How many foods in the UK carry health and nutrition claims, and are they healthier than those that do not?
Kaur A., Scarborough P., Matthews A., Payne S., Mizdrak A., Rayner M.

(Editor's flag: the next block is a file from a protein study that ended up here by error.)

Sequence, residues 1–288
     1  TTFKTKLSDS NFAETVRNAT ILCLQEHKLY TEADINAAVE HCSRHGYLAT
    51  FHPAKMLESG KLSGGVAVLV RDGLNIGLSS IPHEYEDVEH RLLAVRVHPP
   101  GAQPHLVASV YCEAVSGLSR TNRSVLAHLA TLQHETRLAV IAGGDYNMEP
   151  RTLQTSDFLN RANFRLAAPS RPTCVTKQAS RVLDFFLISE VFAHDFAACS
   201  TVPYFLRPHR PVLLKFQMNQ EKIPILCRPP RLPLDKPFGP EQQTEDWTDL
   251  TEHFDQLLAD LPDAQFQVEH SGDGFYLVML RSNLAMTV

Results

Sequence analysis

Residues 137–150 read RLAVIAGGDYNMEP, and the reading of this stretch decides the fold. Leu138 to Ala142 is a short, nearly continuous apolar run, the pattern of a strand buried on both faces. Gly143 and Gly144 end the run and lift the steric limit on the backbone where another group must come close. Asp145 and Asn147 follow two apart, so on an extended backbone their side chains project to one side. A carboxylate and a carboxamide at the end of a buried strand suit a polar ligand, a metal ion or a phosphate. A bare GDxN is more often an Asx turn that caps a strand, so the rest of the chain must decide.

OBJECTIVE: The present study aimed to measure the prevalence of different types of health and nutrition claims on foods and non-alcoholic beverages in a UK sample and to assess the nutritional quality of such products carrying health or nutrition claims. DESIGN: A survey of health and nutrition claims on food packaging using a newly defined taxonomy of claims and internationally agreed definitions of claim types. SETTING: A national UK food retailer: Tesco. SUBJECTS: Three hundred and eighty-two products randomly sampled from those available through the retailer's website. RESULTS: Of the products, 32 % (95 % CI 28, 37 %) carried either a health or nutrition claim; 15 % (95 % CI 11, 18 %) of products carried at least one health claim and 29 % (95 % CI 25, 34 %) carried at least one nutrition claim. When adjusted for product category, products carrying health claims tended to be lower in total fat and saturated fat than those that did not, but there was no significant difference in sugar or sodium levels. Products carrying health claims had slightly higher fibre levels than products without. Results were similar for comparisons between products that carry nutrition claims and those that do not. CONCLUSIONS: Health and nutrition claims appear frequently on food and beverage products in the UK. The nutrient profile of products carrying claims is marginally healthier than for similar products without claims, suggesting that claims may have some but limited informational value. The implication of these findings for guiding policy is unclear; future research should investigate the 'clinical relevance' of these differences in nutritional quality.